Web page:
Jennifer Weiner – Best Friends Forever
Jennifer Weiner – Certain Girls
Jeremy De Quidt – The Toymaker
Chris Priestley – Tales of Terror from The Black Ship

Seth Godin – Tribes
Seth Grahame-Smith – Abraham Lincoln: Vampire Hunter

Call it an average of two books a month, which is moderate and gives in the the occasional itch to pick up a new book and be reading it on the way out of the store.

The Jennifer Weiner books were a fairly early buy, not too long after Abraham Lincoln. I’ve always more or less liked Weiner’s books. Her first, Good In Bed, was fairly ground-breaking with a fat protagonist struggling with all the problems of being a fat woman, something I can totally relate to.

Weiner have diverted to other issues, like sibling rivalry in In Her Shoes or estranged best friends in Best Friends Forever, both quite enjoyable. But Certain Girls, which is a sequel to her first book, didn’t hold me for very long. The alternating first person POVs/chapters lost me rather quickly, especially when I found the younger protagonist rather annoying.

Abraham Lincoln was awesome! Maybe it’s because he’s killing vampires, creatures which are overpopulating the fiction shelves following the popularity of Twilight, Vampire Diaries and True Blood, and generally annoying the heck out of me when I browse the YA shelves. But I’ve always liked it when some creative writer puts a twist into a familiar tale, real or not.

I picked up The Black Ship because the illustrations reminded me strongly of Edward Gorey’s work and the first few pages were not too bad. It turned out to be a rather interesting collection of short spooky tales, part of a series of spooky books. Of course, I didn’t see any of the other books when I bought this one. Sigh.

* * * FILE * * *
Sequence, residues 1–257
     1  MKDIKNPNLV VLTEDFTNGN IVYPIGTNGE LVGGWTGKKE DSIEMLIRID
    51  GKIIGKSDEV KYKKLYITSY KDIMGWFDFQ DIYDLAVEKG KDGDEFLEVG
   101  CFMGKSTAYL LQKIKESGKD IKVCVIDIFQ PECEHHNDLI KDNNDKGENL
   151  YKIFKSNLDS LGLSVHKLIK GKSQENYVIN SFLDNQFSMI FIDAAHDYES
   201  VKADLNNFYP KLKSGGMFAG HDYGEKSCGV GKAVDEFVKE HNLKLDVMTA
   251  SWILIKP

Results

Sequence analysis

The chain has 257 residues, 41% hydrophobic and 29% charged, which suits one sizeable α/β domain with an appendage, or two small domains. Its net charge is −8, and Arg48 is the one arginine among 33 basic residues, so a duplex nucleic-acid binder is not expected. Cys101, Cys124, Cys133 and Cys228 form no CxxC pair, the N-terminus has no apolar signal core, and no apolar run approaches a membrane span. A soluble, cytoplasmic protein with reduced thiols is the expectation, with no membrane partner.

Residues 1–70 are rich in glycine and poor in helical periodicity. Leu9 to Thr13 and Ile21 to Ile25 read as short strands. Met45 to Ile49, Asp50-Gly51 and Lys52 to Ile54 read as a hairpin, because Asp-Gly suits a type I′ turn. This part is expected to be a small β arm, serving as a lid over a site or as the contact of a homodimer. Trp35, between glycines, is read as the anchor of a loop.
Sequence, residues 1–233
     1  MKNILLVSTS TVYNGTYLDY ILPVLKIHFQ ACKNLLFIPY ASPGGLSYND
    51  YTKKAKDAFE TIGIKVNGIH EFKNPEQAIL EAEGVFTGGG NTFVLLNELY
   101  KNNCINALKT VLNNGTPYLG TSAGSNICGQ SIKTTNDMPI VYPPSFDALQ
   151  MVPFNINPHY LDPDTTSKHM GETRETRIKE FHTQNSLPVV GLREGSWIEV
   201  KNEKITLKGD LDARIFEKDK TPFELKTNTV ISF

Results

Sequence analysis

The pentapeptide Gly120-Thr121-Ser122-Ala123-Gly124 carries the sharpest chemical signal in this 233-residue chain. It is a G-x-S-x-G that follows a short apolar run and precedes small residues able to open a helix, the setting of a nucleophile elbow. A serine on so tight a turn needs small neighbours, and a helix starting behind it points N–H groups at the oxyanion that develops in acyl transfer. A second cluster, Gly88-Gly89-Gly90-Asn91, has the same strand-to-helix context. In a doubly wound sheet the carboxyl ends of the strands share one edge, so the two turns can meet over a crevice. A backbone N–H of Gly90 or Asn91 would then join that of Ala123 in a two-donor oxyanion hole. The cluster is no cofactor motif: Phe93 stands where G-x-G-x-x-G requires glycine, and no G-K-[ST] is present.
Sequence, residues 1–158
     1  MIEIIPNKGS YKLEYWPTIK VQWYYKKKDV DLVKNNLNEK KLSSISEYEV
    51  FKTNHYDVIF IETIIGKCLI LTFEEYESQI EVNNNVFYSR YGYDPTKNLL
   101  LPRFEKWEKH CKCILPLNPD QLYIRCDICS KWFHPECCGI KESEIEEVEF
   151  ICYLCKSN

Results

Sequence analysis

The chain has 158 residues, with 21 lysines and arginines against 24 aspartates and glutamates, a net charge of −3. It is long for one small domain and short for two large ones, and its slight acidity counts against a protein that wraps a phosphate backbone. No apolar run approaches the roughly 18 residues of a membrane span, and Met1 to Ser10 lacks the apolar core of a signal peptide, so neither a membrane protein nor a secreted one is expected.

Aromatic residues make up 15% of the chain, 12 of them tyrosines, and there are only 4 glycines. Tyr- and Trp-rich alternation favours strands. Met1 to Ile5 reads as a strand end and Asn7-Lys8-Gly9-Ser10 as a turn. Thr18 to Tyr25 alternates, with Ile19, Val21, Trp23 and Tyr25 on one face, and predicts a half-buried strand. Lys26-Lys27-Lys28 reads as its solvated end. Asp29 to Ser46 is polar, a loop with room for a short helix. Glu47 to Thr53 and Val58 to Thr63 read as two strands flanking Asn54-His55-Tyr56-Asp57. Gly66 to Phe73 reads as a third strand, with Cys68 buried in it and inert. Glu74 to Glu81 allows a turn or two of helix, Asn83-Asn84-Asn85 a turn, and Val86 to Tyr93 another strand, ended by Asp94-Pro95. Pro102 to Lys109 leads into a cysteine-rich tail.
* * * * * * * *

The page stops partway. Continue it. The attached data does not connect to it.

The Toymaker had a prologue that would make you go WOW and buy the book to find out what happens. Finding a way to transplant a real heart into a wooden toy and make it come to life? Yes, please. It was not too bad in all, but could have spent less of the book approaching the ideas in the prologue from a completely roundabout tangent.

I picked up Tribes in KL after pushing myself past the introduction chapters of Linchpin and and finding Seth Godin really, really good. This is what I’m reading now.

Another recently consumed book not pictured here (coz Shin Yi took off with it yesterday) is Gary Chapman’s The Five Languages of Love, given to me by Albert and Serina when all I did was ask to borrow it. (Thanks, guys.) The book is aimed at married couples, but it does provide some useful insight for everyone else and can be applied to the people you hang out with a lot.

Usually I’ll end a post with some idea of what I’ll blog about next, but who am I kidding. I might not be compelled to blog again for another two months.

So this post ends here.

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